No matter how large, expensive or opulent a particular house may appear, the neighborhood in which it is located makes all the difference. For example, nobody wants to move into their dream home only to learn that their neighbors are hard-partying frat brothers that throw all night keggers. On the other hand, living in a neighborhood that is ruled over by a strict Homeowners Association board would not be fun either. Finding a happy medium between these extremes is essential in order to find happiness in a home. However, one neighborhood in Dayton, Ohio had always been a pleasant place to raise a family…that is until the residents became creeped out by creatures lurking in the nearby woods. For the past year or so, residents of the Dayton neighborhood have been pestered by skunks and coyotes. During the day these feral animals rarely make an appearance, but at night, the sounds of coyotes can be heard very clearly and loudly from the woods. On top of that, in the morning residents awake to the overwhelming stench of skunk. In addition to these unpleasant occurrences, a few residents have witnessed their pets being sprayed by skunks. Understandably, the residents are beginning to fear for the safety of their pets, and even themselves.
One resident, Linda McCrary, has lived in the eastern Hills neighborhood since 1973, but she has only recently begun to hear the persistent howling of coyotes during the nighttime hours. For the past five years, the coyote population in Dayton has been increasing rapidly. One wildlife expert estimates that as many as thousands of coyotes are now inhabiting Dayton. Due to the increase in coyotes, McCrary is worried about the safety of the large feral cat population in the area, but other residents are more concerned about their own pets, as well as the unwanted skunk presence in the area. McCrary claims that she has been smelling the stench of skunk for months, and experts say that the skunk population in Dayton is growing rapidly due to the wide availability of food in residential areas. Another resident, Kim Davis, claimed that her cat suddenly jumped from a windowsill last week in response to being sprayed by a skunk. The foul odor of the skunk’s secretions forced Davis to dispose of her couch. Another neighbor’s dog was also sprayed by a skunk that same week. At the moment, the skunk and coyote populations in Dayton continue to increase, leaving residents uncertain about their future in the neighborhood.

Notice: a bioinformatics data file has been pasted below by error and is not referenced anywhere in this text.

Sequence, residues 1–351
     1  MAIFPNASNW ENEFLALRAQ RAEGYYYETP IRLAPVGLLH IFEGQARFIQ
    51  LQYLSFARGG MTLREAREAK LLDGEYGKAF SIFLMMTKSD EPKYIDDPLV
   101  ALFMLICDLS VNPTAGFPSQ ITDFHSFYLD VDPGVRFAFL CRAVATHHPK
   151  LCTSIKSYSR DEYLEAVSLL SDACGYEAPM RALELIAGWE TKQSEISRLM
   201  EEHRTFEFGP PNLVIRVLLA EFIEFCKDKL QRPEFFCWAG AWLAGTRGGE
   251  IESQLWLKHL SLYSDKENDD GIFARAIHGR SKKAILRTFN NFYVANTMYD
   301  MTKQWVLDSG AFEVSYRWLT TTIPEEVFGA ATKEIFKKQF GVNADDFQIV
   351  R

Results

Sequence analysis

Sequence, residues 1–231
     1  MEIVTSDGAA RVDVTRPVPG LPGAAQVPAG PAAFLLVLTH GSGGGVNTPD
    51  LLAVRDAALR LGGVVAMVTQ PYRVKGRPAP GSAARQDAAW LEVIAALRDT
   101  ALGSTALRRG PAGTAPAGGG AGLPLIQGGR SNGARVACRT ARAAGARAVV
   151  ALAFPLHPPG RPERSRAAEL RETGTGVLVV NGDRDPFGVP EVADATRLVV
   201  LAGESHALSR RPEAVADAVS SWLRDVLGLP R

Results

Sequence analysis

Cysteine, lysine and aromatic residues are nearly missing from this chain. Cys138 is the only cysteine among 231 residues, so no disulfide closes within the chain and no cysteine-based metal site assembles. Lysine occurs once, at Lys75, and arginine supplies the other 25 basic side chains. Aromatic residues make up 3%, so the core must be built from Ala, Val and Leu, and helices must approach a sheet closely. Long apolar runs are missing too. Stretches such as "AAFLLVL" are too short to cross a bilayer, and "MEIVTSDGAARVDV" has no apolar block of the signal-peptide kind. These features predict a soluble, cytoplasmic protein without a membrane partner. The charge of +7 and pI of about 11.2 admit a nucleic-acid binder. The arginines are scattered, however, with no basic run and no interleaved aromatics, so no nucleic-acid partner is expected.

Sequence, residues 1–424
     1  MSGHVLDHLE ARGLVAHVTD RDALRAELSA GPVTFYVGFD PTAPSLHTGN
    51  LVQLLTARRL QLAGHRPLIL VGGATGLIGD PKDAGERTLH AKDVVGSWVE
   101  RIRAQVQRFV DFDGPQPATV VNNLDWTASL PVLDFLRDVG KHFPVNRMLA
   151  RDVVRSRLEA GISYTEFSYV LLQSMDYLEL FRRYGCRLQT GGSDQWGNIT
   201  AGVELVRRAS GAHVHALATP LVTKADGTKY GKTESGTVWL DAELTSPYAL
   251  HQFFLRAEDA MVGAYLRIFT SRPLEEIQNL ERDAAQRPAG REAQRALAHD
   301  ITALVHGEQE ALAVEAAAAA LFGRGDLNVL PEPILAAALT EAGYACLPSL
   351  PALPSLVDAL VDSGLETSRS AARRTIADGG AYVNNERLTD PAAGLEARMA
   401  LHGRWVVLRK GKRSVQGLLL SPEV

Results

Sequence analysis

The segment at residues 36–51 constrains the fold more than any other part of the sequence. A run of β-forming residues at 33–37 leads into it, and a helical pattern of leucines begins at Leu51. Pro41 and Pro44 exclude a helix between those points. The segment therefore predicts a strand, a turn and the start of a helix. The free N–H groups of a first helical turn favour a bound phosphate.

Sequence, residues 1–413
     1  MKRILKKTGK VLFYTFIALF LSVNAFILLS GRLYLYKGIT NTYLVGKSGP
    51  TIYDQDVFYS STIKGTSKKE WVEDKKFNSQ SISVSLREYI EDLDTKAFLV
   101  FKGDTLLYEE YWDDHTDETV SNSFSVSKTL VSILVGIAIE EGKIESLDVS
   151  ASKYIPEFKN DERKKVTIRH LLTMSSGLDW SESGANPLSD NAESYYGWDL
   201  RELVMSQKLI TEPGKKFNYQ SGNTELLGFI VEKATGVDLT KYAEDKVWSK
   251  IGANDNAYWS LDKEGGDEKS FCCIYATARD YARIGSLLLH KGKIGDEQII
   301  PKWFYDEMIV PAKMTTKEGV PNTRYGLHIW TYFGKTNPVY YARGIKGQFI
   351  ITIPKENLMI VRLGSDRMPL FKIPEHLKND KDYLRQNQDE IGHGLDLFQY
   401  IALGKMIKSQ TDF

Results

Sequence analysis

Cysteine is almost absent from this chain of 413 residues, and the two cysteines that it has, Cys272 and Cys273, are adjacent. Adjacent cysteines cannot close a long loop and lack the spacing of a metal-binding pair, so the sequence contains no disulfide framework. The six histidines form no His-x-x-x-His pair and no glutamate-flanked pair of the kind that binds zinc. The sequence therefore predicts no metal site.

Have you ever witnessed a skunk spraying another animal?